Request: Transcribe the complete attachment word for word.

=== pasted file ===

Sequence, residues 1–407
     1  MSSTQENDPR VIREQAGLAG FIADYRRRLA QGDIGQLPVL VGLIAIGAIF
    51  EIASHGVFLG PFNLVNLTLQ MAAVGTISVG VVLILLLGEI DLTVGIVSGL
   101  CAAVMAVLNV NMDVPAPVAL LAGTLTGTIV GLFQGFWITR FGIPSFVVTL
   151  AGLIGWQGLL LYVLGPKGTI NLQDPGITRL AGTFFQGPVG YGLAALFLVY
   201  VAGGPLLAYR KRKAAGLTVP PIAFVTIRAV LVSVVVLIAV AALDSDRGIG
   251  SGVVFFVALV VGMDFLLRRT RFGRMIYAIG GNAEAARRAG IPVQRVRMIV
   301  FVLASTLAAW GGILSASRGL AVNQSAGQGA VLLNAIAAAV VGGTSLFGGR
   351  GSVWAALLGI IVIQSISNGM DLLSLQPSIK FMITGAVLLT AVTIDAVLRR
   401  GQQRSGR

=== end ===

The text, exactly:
Sequence, residues 1–407
     1  MSSTQENDPR VIREQAGLAG FIADYRRRLA QGDIGQLPVL VGLIAIGAIF
    51  EIASHGVFLG PFNLVNLTLQ MAAVGTISVG VVLILLLGEI DLTVGIVSGL
   101  CAAVMAVLNV NMDVPAPVAL LAGTLTGTIV GLFQGFWITR FGIPSFVVTL
   151  AGLIGWQGLL LYVLGPKGTI NLQDPGITRL AGTFFQGPVG YGLAALFLVY
   201  VAGGPLLAYR KRKAAGLTVP PIAFVTIRAV LVSVVVLIAV AALDSDRGIG
   251  SGVVFFVALV VGMDFLLRRT RFGRMIYAIG GNAEAARRAG IPVQRVRMIV
   301  FVLASTLAAW GGILSASRGL AVNQSAGQGA VLLNAIAAAV VGGTSLFGGR
   351  GSVWAALLGI IVIQSISNGM DLLSLQPSIK FMITGAVLLT AVTIDAVLRR
   401  GQQRSGR